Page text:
February 24, 2024

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Massachusetts: Prisoners may get a reduced sentence by donating organs

Massachusetts: Prisoners may get a reduced sentence by donating organs



A new law was proposed in  Massachusetts, and prisoners may get a reduced sentence by donating their organs.

According to a report by the British “Guardian” on February 1, two state legislators in the US state of Massachusetts proposed a new bill that, if passed, would allow prisoners in the state to get their sentences reduced by donating their organs or bone marrow.

 

Massachusetts: Prisoners may get a reduced sentence by donating organs

 

 

The lawmakers, both Democrats, have reportedly introduced a new bill aimed at establishing an organ donation program within the state’s corrections department.

If the bill is passed, eligible incarcerated persons who donate their organs or bone marrow can receive a sentence reduction of no less than 60 days and no more than 365 days.

If the bill comes to fruition, it will also create a five-member committee to oversee the plan.

The committee will also decide on the eligibility of incarcerated persons to participate in the program, as well as determine the “quantity of bone marrow and organs to be donated for commutation of sentences.”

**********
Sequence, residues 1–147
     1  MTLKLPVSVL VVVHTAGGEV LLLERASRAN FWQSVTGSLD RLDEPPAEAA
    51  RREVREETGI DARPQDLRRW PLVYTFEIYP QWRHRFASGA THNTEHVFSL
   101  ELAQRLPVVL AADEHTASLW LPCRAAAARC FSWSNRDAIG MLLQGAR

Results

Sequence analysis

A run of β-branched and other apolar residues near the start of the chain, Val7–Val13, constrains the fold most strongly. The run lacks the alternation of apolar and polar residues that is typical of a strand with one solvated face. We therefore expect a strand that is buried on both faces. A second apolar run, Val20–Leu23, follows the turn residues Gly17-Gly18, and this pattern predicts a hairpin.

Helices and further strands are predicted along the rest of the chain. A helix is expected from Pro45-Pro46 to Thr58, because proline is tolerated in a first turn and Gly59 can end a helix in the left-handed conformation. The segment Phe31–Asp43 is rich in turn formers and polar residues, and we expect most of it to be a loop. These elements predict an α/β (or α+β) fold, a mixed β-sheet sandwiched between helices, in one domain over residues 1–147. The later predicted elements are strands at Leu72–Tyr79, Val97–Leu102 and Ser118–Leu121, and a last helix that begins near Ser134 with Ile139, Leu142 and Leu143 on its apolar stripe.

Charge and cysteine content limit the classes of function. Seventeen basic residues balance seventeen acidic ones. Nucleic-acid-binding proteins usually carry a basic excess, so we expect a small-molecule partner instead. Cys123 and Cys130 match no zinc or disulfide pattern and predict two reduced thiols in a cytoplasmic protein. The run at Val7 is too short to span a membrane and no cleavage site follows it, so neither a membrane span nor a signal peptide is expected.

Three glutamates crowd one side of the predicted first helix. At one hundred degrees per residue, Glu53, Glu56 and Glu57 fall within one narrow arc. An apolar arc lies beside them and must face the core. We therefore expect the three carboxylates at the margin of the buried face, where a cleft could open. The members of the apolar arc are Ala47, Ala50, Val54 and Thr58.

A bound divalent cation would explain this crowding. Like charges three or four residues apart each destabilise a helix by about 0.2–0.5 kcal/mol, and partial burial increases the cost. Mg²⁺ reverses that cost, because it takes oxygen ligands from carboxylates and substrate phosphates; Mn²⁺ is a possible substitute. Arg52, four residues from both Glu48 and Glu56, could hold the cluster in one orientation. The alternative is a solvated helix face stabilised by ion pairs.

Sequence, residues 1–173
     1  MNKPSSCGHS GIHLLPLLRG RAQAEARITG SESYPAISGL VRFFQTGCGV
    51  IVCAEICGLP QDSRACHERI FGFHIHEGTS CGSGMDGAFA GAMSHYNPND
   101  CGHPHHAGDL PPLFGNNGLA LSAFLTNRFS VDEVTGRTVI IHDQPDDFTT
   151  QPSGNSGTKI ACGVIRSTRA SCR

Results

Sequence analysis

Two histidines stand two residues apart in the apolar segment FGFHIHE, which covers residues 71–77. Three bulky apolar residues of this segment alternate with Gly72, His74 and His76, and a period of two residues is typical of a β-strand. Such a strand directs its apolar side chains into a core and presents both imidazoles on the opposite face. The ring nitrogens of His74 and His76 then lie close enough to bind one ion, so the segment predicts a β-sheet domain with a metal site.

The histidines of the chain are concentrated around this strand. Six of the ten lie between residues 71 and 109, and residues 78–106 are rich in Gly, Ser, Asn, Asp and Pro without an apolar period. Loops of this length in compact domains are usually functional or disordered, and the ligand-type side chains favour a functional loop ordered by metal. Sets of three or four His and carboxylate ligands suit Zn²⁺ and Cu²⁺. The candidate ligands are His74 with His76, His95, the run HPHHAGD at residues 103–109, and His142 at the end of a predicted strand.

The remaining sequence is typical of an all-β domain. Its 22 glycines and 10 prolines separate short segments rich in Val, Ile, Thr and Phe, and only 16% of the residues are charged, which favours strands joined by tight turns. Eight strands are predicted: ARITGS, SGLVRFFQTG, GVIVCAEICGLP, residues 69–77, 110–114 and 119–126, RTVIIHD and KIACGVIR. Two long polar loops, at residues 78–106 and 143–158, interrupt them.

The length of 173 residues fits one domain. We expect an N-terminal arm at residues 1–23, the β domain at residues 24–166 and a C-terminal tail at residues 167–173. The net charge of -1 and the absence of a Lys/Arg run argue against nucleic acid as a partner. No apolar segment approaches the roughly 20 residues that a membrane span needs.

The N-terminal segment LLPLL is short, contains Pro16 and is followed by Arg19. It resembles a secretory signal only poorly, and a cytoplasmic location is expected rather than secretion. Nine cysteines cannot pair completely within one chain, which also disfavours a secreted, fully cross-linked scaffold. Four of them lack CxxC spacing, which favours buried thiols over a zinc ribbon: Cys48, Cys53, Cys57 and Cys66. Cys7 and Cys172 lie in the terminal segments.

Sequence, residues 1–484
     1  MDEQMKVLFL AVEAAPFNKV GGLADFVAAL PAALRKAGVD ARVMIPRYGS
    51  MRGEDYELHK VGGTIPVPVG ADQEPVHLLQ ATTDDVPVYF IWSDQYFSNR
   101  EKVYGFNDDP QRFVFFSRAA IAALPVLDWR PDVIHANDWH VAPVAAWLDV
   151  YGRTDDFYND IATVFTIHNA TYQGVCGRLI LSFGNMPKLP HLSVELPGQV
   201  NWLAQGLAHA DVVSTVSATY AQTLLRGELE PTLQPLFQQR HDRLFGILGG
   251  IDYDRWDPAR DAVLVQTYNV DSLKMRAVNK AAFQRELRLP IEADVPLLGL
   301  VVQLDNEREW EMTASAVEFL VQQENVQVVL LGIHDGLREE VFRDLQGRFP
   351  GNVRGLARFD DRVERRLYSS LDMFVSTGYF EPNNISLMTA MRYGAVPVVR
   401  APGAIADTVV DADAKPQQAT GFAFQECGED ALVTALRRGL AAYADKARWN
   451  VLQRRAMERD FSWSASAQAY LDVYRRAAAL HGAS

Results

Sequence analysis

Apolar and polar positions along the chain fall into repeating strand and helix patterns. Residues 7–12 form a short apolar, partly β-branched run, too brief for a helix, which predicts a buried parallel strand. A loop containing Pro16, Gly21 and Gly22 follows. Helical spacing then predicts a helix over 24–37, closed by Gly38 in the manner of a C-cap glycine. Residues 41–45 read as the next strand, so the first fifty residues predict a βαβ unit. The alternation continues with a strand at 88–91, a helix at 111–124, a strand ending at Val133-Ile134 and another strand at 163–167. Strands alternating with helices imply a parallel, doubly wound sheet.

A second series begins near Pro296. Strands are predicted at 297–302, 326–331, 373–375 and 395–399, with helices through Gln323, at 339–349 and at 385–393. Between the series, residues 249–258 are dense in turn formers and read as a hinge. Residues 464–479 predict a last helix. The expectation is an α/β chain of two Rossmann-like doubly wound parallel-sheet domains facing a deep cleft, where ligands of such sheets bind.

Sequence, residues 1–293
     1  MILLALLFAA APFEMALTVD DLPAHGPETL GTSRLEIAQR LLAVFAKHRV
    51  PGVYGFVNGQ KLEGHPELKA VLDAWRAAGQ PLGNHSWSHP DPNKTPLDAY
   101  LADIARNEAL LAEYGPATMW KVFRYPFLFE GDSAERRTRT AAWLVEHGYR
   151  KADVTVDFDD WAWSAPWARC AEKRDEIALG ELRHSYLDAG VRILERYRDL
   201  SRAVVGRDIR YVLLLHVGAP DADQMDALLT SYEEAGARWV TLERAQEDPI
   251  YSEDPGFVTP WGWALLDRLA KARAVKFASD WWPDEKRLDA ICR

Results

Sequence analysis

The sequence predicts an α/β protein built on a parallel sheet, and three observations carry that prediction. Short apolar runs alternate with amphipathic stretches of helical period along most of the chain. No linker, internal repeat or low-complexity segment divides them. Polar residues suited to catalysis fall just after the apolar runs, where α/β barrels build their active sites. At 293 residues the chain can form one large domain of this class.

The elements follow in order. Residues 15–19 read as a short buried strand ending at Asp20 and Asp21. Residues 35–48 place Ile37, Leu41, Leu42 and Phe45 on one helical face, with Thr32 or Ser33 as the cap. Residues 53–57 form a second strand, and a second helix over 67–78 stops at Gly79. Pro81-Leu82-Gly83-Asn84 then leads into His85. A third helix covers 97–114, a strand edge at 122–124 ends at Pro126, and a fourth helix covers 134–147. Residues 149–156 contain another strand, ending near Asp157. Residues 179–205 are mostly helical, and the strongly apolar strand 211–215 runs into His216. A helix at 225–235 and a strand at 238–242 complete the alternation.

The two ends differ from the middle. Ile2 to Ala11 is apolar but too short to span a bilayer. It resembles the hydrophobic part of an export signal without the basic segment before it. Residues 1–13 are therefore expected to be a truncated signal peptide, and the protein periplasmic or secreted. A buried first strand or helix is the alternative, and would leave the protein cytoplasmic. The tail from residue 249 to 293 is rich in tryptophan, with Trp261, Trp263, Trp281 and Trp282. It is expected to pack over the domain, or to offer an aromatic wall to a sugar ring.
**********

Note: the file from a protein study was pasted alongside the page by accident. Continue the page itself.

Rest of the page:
Currently, the US Bureau of Prisons only allows inmates to donate their organs to their immediate family members. But in many states, including Massachusetts, prison inmates do not have access to organ or bone marrow donation.

 

Additionally, no state allows death row inmates to donate their organs, even if they were registered organ donors before they were sentenced.

 

According to the United Network for Organ Sharing (UNOS), there are 104,413 people in the United States currently waiting for an organ transplant, of which 58,970 are urgent.

 

Judith Garcia, the Democratic state representative for Suffolk County, Massachusetts’ 11th District, who co-sponsored the bill, said the bill would “restore the bodily autonomy of incarcerated persons by providing the opportunity to donate organs and bone marrow,” and “Offering reduced sentences at the discretion of imprisoned donors”.

 

(source:internet, reference only)


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